Monday, December 19, 2011

Botany researchers find rare plants in the eastern US

During the extensive and productive 2011 field season, Botany Ph.D student Nick Dowie and Prof. Steven Miller were able to locate populations of the non-photosynetheic plant Pterospora andromedea in New York and New Hampshire.
Botany student Nick Dowie collecting samples in summer 2011
This plant, which depends on a symbiotic fungus to provide its carbon and energy (i.e. mycoheterotrophic), is rare and endangered in New England but is thriving in the west. In the east, P. andromedea is solely associated with eastern white pine, but in the west it is associated with many autotrophic tree hosts such as lodgepole pine, ponderosa pine and Douglas-fir.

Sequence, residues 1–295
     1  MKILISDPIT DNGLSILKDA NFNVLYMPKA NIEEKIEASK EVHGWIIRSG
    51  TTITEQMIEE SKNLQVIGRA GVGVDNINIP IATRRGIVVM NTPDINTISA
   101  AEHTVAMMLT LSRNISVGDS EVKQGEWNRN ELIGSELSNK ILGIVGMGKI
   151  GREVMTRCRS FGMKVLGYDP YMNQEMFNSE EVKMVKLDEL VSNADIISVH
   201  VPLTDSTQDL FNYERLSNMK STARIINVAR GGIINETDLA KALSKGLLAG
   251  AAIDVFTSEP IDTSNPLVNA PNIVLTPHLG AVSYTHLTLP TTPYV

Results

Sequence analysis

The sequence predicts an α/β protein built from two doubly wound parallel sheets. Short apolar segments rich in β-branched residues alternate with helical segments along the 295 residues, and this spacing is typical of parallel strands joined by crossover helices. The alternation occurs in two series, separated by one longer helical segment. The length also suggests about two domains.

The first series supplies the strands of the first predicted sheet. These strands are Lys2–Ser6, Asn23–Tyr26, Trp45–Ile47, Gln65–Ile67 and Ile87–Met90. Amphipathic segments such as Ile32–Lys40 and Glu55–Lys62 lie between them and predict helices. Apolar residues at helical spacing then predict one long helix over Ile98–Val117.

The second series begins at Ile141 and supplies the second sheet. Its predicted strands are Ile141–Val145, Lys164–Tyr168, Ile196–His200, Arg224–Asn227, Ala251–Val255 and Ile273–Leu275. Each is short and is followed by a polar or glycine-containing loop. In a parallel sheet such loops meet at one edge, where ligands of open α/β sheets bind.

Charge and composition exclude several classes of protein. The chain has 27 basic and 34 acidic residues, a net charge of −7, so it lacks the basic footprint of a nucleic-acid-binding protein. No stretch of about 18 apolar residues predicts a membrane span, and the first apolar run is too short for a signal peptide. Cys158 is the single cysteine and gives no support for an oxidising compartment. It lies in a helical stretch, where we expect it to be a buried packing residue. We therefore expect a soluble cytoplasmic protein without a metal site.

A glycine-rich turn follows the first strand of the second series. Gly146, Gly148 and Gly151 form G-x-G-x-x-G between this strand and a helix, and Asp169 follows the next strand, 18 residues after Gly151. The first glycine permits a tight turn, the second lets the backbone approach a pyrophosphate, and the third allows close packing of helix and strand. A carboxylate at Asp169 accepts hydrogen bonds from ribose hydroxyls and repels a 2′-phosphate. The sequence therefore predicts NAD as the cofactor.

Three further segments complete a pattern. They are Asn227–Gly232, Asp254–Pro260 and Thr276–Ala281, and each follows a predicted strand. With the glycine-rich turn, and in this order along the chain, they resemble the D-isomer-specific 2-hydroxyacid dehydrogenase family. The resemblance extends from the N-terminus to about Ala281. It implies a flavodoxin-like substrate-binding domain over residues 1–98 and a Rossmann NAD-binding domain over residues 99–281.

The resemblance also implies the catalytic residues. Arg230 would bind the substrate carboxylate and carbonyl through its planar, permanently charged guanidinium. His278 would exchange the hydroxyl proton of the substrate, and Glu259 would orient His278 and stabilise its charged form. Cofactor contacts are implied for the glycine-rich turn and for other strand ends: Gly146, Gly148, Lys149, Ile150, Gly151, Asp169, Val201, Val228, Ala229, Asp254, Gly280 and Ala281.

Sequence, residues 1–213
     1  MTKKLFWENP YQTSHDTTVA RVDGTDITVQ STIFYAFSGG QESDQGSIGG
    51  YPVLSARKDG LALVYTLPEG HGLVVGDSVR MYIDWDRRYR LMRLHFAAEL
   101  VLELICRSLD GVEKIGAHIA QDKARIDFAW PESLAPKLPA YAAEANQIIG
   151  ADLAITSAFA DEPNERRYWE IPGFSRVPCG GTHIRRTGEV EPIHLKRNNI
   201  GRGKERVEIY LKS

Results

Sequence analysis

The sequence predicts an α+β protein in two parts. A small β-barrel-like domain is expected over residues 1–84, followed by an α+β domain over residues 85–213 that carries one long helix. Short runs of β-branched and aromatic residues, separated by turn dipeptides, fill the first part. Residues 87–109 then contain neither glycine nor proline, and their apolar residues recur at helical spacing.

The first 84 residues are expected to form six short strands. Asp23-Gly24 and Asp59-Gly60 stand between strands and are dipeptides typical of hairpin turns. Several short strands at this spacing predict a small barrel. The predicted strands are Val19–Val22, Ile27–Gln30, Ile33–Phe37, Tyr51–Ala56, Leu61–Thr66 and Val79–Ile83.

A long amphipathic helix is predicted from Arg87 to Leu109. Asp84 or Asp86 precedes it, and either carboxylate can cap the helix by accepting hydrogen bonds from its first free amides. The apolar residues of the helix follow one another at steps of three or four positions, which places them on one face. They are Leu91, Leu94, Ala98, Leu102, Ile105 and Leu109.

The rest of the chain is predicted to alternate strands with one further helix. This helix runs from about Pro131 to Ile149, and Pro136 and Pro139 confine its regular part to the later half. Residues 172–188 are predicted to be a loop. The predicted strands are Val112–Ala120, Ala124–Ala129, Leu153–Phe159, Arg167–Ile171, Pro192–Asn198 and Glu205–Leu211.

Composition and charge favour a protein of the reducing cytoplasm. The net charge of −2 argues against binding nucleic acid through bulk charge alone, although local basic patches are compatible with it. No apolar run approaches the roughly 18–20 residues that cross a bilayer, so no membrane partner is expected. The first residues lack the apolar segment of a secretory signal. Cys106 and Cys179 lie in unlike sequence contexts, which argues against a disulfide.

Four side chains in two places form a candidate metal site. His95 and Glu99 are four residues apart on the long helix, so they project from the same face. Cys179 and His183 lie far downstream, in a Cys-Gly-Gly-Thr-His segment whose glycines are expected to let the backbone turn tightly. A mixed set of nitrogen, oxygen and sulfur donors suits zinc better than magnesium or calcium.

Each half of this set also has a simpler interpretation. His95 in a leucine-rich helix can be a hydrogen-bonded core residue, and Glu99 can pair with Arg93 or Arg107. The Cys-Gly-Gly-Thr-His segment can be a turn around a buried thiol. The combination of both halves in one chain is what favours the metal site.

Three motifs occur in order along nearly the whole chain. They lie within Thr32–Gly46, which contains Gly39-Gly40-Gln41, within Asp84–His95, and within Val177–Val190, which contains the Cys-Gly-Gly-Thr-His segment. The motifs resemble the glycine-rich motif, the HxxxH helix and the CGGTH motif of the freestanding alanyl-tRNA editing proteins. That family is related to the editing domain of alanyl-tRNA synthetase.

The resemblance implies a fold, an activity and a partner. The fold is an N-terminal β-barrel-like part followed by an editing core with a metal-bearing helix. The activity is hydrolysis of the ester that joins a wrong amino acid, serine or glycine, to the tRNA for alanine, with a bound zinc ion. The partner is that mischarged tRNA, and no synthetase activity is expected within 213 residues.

The working hypotheses on the decline of Pterospora in the east is that either its disjunct distribution has resulted in a dangerous lack of genetic diversity in a changing environment or that the fungus with which it is associated is genetically depauperate, resulting in an an inefficient symbiosis that cannot sustain the relationship.  
Finding and collecting the rare eastern samples will allow them to test both hypotheses with powerful molecular approaches. Interested in learning more about Dr. Miller's research - visit his lab's website or email him.

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